Anti-tobacco campaigners accuse tobacco companies of undermining a global tobacco control treaty and national policies based on it. They are urging delegates attending a World Health Organization conference on strengthening the implementation of the treaty to resist pressure from the industry.
Anti-tobacco activists say the World Health Organization's Global Tobacco Control Treaty owes much of its success to strong leadership from developing countries. They note that 122 countries, representing more than 70 percent of the world's population have ratified the treaty. Many of these countries already have changed their legislation to reflect tougher policies against smoking.
For example, a representative of the U.S.-based Corporate Accountability International, Kathryn Mulvey, says countries such as India and Thailand have introduced effective, comprehensive bans on tobacco advertising, promotion and sponsorship.
"At the same time, throughout the treaty negotiations, the tobacco giants - Philip Morris/Altria based in the U.S., British American Tobacco based in the U.K. and Japan Tobacco - have really fought the treaty's negotiation and now are engaging in tactics all over the world from Nigeria to Mexico and other places in Latin America in an attempt to interfere in the treaty's implementation," she said.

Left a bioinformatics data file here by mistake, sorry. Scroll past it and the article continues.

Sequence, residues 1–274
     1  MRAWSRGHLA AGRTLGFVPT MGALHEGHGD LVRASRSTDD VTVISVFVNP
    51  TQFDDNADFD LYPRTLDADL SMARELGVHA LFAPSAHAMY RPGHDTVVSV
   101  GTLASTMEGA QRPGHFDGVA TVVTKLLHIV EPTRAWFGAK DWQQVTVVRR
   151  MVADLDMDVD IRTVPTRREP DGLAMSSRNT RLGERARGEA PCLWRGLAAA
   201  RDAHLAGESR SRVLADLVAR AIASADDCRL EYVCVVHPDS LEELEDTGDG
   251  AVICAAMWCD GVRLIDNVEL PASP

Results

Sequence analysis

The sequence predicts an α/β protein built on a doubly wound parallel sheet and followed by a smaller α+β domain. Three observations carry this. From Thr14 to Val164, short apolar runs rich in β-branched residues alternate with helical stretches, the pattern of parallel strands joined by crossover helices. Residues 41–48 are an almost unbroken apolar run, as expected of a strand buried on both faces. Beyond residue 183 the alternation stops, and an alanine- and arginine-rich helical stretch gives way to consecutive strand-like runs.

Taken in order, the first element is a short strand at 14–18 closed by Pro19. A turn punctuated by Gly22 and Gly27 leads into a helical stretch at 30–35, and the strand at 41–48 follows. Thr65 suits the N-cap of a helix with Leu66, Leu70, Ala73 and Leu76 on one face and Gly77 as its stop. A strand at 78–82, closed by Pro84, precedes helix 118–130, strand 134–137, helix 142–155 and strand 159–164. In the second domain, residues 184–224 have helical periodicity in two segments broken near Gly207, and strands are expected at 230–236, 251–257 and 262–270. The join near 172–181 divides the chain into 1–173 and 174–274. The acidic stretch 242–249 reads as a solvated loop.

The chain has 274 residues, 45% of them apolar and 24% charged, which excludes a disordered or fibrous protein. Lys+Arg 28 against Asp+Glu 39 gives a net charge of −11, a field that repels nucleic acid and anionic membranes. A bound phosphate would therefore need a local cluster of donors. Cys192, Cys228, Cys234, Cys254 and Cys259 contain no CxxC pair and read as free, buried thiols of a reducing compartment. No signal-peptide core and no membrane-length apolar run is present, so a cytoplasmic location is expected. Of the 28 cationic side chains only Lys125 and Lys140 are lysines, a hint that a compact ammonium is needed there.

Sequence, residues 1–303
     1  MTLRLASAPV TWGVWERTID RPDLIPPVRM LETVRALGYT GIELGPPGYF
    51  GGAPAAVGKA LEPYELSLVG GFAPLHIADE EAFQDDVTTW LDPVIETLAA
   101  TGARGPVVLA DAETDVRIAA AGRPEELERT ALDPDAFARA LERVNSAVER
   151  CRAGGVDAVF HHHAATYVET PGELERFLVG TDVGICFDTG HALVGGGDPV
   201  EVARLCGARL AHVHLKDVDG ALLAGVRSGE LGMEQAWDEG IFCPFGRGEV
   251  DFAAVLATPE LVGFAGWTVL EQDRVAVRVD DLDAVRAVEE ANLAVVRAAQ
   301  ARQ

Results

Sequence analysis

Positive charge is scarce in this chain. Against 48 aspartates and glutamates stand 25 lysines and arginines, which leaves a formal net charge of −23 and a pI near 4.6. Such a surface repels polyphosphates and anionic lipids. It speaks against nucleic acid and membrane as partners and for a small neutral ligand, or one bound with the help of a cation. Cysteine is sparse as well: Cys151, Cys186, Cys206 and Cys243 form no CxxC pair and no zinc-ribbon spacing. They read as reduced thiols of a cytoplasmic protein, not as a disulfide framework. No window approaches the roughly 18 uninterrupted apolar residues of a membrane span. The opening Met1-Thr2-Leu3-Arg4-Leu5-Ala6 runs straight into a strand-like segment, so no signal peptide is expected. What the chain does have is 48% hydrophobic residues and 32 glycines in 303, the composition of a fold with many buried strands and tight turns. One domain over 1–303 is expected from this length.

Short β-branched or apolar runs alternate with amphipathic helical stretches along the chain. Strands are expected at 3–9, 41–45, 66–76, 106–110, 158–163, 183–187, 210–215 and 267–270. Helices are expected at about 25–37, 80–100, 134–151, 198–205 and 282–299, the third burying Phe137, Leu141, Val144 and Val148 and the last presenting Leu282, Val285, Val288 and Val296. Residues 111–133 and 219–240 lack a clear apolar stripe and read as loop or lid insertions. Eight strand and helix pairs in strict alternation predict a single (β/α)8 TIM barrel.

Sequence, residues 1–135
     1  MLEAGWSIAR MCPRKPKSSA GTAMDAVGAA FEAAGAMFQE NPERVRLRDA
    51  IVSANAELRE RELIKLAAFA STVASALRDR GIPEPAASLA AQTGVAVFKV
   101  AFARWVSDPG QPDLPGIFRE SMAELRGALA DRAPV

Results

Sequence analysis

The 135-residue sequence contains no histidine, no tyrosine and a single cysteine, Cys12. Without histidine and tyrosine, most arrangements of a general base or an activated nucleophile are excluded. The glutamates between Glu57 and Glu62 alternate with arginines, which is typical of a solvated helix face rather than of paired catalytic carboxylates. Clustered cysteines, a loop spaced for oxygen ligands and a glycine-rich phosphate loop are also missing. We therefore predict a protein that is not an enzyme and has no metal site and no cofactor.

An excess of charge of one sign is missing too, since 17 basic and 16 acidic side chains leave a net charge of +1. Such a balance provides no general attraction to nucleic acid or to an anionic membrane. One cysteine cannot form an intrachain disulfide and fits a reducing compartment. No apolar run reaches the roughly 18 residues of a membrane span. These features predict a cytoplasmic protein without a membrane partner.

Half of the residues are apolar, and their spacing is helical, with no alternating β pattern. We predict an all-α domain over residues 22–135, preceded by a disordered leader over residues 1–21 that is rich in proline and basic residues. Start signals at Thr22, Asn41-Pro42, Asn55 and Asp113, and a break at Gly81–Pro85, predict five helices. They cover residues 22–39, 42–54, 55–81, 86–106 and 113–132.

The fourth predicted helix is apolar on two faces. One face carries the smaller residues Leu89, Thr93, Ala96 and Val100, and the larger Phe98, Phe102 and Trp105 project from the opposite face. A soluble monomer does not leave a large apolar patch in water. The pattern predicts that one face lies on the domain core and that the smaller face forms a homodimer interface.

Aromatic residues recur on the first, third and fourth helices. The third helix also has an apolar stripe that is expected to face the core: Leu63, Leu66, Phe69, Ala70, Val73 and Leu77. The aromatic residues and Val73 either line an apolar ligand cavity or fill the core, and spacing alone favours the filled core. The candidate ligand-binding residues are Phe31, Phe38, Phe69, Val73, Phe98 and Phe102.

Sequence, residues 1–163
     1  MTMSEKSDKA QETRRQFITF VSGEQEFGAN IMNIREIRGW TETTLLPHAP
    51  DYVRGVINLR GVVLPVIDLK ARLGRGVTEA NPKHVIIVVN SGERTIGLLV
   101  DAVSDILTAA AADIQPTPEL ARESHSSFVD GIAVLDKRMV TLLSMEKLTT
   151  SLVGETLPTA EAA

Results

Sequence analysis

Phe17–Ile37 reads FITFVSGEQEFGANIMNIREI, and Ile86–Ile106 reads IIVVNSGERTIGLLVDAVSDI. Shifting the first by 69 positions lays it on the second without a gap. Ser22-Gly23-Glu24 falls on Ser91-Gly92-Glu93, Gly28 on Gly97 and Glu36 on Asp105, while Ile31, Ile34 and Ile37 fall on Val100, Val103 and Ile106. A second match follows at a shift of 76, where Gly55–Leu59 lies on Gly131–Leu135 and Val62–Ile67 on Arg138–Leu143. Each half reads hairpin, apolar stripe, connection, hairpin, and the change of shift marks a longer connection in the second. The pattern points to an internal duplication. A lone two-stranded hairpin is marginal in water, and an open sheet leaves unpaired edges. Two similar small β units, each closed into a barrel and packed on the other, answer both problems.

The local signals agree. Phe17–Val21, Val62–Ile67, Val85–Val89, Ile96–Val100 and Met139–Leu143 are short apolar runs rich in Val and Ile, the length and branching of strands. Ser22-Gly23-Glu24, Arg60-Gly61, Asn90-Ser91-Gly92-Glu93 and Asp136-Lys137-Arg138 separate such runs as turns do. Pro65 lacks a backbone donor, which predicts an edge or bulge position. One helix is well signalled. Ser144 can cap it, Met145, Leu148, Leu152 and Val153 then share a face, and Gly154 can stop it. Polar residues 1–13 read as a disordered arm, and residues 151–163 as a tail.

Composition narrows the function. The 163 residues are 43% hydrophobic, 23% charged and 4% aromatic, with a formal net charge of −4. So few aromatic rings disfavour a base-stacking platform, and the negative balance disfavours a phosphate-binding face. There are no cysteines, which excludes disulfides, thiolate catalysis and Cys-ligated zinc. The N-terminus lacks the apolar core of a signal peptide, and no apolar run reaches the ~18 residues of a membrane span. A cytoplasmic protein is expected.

Akinbode Oluwafemi of Environmental Rights Action in Nigeria says tobacco lobbyists try to undermine implementation of the treaty by bribing politicians and journalist.
"They have also arranged holidays for parliamentarians. They have tried very well to bribe people in the media. They have sponsored programs for journalists. You know awards for journalists where you win computers. And, let me tell you that a laptop is a big award for journalists in developing countries?You know the media helps a lot to mobilize public support, public agenda for tobacco control and they use this indirectly to get at the media to shift the debate," he said.
Despite this Oluwafemi says Nigeria ratified the treaty at the end of October, bringing the number of African countries to have done so to 26.
Representatives of the tobacco industry are not attending the conference and have not been available for comment.
The World Health Organization reports an estimated five million people a year die prematurely from tobacco-related illnesses. It predicts tobacco will claim 10 million lives a year by 2030 if current smoking trends continue.
The two-week meeting in Geneva aims to strengthen the provisions of the treaty. It also seeks financing to help poor countries implement the treaty. A major concern is to help rural farmers who depend on tobacco cultivation for their livelihoods shift to other crops.